Maurice Kilson

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Donald M. Black, Sr.
Barbara Bloom
Stuart Bogom
Doris L. Clinkscale
Julie Cox
Kate and Thomas Deahl
Fred Dedrick
George C. Draper
Bob Elfant
Fran Emery
Ann and Bill Ewing
David Fellner
Robert Fluhr
Dorothy Guy
Jean Harland
The Hartsfields
Yvonne Haskins
Pat Henning
Lucy Hill
The Johnson Sisters
Andre Johnson
Esther Kahn
Maurice Kilson
Kimbleton and Miller
Andy Lamas
Martha Kent Martin
The Moraks
Robert N.C. Nix II
John and Mary Nolan
Jim Peterson
Debby Pollak
Shirley Ransome
Daisy Reddick
Harold Rush
Steve Stroiman
Tim Styer
Yvonne Thompson-Friend
Mabel Williams
Dr. William Winston
Dan Winterstein

Maurice Kilson

Maurice Kilson has been a positive influence on the lives of many of Mt. Airy’s youth. During the time when gang activity was a common choice, Maurice counseled young men, advised them about their options, and encouraged them to seek acceptance within the larger community. He recalls, “It started some time ago when I found that some of the young people were forming gangs in this area. There were four or five lower gangs in the area from lower Germantown up to Mt. Airy.” Young people could identify with him. Because of this, he was able to reach many young men who were thought to be unreachable by other adults. Maurice tried to create trust between different members of the community. “The members of the gangs had quite a concern about the police. I had a good relationship with the police department and helped some of the kids with misdemeanors. That is one way I got the confidence of the gang members.” Maurice used that confidence to build bridges in the community. Gang members had wanted to have dances at the Commodore Barry Club but thought that they could not do so. But, through Maurice’s efforts “We had dances at Commodore Barry. We were promised by the captain of the 14th district and one of the deputy commissioners that, as long as everything was above board, they would never interfere. Gang members felt that the important spaces in the Germantown Jewish Center or Lovett Library were not open to them. But Maurice  “went and talked to Rabbi Charry who consented to them having meetings there. The library gave their approval as well. The leadership, mentoring, and friendship of Maurice, and some of the people who worked with him, such as Mark Hartsfield, were usually able to prevent trouble or to stop it from getting out of hand.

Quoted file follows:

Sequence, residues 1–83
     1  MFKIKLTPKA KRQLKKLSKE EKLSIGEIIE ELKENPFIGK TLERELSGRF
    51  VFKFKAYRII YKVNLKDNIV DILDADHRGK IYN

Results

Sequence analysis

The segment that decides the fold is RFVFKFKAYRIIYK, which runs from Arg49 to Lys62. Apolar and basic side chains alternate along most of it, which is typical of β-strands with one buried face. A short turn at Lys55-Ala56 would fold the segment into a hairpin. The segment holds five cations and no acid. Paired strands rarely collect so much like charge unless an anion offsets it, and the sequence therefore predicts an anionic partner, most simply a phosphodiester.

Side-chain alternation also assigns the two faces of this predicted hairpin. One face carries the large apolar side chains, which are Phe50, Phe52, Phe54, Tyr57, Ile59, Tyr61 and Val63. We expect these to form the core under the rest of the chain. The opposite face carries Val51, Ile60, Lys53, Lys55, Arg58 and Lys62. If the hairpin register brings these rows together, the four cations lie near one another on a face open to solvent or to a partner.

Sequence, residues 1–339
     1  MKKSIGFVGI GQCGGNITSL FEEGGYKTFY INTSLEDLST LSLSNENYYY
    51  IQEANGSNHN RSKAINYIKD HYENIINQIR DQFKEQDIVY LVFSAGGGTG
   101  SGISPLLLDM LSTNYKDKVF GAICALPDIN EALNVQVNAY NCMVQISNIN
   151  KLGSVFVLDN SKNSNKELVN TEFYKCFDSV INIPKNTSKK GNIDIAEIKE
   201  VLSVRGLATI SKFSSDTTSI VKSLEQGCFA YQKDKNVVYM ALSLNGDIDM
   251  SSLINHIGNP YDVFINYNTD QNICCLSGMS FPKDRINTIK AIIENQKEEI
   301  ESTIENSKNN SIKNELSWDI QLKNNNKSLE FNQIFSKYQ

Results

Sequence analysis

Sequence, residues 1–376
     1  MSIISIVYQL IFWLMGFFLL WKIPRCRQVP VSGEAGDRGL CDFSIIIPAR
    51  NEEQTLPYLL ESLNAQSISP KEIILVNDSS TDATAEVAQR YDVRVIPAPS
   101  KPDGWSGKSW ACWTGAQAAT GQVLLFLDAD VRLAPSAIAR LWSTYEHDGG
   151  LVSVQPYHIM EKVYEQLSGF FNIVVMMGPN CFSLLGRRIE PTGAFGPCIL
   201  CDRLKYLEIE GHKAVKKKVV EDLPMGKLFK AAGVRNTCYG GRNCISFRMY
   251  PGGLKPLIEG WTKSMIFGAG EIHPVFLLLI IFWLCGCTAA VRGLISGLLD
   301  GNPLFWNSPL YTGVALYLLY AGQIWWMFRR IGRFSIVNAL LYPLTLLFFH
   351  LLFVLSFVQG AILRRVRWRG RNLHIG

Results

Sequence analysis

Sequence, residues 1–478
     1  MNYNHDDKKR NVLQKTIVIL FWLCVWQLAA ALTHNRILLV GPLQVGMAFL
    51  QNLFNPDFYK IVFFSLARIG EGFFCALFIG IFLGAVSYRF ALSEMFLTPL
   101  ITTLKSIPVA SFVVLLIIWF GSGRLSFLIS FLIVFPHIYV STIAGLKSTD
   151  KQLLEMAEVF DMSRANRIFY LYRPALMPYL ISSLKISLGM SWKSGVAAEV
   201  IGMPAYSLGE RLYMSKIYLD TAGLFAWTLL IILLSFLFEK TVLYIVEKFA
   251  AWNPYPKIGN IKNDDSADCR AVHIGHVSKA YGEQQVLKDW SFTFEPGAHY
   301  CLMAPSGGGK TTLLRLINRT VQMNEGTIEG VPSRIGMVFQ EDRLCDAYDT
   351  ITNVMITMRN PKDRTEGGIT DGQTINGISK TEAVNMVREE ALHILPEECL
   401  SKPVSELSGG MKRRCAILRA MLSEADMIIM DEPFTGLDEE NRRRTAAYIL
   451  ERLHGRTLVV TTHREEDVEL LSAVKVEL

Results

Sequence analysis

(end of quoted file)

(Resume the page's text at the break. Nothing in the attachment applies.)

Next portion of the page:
Maurice encouraged young people in the community to become involved in the Police Athletic League or other activities and hobbies. He tried to make sure they had an outlet that would challenge and stimulate their growth. Maurice used his own financial resources to take kids to major sporting events. For some, it was the only opportunity they had to attend major league baseball and football games.

Looking back, Maurice insists that “The kids in this area are not bad. There are a lot of good young people in the playgrounds. But they cannot do it without the parents who are not always there.” As for the effects of community work on himself, Maurice says, “It has made me a better person. As I go by Sedgwick playground today I feel good. I only wish I was much younger, so I could doing more today.

Maurice Kilson has been a good neighbor who has made a difference.